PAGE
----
Earlier this year, GC Rieber VivoMega launched VivoMega Algae Oils, its new line of ocean-derived, high-concentration vegan microalgae omega-3.4 It’s not that the company had any concerns about fish oil’s sustainability. (GC Rieber VivoMega already counts sustainability high on its list of corporate values.) Rather, Riise says, the decision to introduce algae-based omega-3s was based on a combination of factors.
“We see it as a strength that there is another source of omega-3s, allowing us to be more flexible and deliver a longer range of products,” he says, as “consumer preferences are changing, with newer generations having different priorities.”
“We see algae and fish go hand in hand as they both offer high-quality omega-3,” he continues. “The most important aspect for us is being able to source the best-quality raw materials that allow us to produce the highest-quality omega-3 concentrates with little to no waste.”
The timing was right for the company to expand into algal oil, he adds, because “the value chain for microalgae has improved significantly over the years. We can leverage our core competence in processing omega-3 oils, and it gives our partners and customers flexibility in their offerings that again will cater to both new and existing customers.”
Sticking with Fish Oil
Not all fish oil companies are planting roots in plant-based omega-3s, though. And there is something to be said for sticking to what you’re best known for.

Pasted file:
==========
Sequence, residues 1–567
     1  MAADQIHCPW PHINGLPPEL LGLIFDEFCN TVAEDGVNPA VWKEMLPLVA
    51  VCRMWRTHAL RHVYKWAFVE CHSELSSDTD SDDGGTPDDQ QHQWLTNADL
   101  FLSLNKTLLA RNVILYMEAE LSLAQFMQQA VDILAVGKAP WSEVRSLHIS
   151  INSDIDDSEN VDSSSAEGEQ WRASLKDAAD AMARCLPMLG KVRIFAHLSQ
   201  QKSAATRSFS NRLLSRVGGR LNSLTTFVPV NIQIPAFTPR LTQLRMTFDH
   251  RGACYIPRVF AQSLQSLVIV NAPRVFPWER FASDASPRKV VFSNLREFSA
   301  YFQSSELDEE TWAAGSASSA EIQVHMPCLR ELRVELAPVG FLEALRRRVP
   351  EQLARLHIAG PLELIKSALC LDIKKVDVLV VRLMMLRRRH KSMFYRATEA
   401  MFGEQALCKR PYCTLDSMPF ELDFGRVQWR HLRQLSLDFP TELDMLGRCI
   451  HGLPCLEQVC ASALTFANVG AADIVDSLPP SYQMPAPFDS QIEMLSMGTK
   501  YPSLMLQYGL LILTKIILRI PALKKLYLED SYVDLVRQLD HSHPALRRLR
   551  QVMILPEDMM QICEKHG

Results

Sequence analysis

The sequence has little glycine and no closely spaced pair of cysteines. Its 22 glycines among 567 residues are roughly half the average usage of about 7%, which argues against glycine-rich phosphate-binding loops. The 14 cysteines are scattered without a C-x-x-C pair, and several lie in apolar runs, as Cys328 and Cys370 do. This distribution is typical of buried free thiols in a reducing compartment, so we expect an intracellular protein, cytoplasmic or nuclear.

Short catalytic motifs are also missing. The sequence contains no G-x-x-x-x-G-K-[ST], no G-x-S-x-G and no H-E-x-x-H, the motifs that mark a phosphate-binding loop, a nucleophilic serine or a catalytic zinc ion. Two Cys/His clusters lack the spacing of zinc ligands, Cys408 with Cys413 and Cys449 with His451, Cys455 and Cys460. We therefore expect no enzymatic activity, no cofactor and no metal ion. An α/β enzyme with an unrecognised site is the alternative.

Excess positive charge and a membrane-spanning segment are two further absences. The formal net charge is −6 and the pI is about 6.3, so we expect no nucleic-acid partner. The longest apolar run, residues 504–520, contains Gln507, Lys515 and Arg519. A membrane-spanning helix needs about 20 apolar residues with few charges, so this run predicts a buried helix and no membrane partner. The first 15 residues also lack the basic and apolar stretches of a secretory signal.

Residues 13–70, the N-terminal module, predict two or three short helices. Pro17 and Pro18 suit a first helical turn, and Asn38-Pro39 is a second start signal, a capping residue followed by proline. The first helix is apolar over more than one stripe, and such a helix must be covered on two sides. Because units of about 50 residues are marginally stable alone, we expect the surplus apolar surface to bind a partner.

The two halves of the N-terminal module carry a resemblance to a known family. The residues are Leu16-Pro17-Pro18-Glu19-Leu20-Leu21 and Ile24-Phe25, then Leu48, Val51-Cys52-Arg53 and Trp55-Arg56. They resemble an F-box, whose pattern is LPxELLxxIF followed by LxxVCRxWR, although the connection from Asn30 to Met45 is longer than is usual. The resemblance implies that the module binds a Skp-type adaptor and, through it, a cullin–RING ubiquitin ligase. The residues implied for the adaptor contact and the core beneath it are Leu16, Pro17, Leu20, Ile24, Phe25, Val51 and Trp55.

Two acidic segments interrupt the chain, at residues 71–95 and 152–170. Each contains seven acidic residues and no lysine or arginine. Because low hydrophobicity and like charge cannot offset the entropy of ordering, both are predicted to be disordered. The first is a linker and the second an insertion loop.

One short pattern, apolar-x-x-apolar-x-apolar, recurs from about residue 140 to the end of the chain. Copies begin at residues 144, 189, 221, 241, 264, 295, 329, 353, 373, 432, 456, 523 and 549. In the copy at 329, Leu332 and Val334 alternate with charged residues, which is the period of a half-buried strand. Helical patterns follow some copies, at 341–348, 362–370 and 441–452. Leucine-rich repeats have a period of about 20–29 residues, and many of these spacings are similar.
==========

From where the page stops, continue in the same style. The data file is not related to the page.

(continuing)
For example, Thomas Gulbrandsen, global sales and marketing director at omega-3 concentrates supplier Epax (Norway), says, “Epax is vertically integrated through its parent company, Pelagia, which is focused on fish products, so fish will continue to be our main focus.” They’re not making any (fish) bones about that fact, as the Pelagia website says front and center that “It’s all about the fish.”
Could that change one day? Gulbrandsen notes that “we don’t have any plant-based ingredients in our portfolio as things stand, but we’re continuously evaluating the space to identify areas where we could positively impact the category.”
However, Gulbrandsen is gracious in his thoughts about the omega-3 pie being large enough to allow for source diversity. “The overall market for omega-3 continues to grow, and even now most people aren’t consuming enough,” he says. “That shows that the market has a very high ceiling and is certainly big enough to accommodate a diversity of products from both fish and vegetal sources such as algae.”
He understands, moreover, the market’s need to accommodate many consumer tastes, stating that “vegetarians and vegans will probably continue to drive demand for plant-based omega-3.” On the other hand, he points out that “looking at the retail shelves, fish sources continue to hold their stand, maybe due to the wealth of scientific backing behind them.”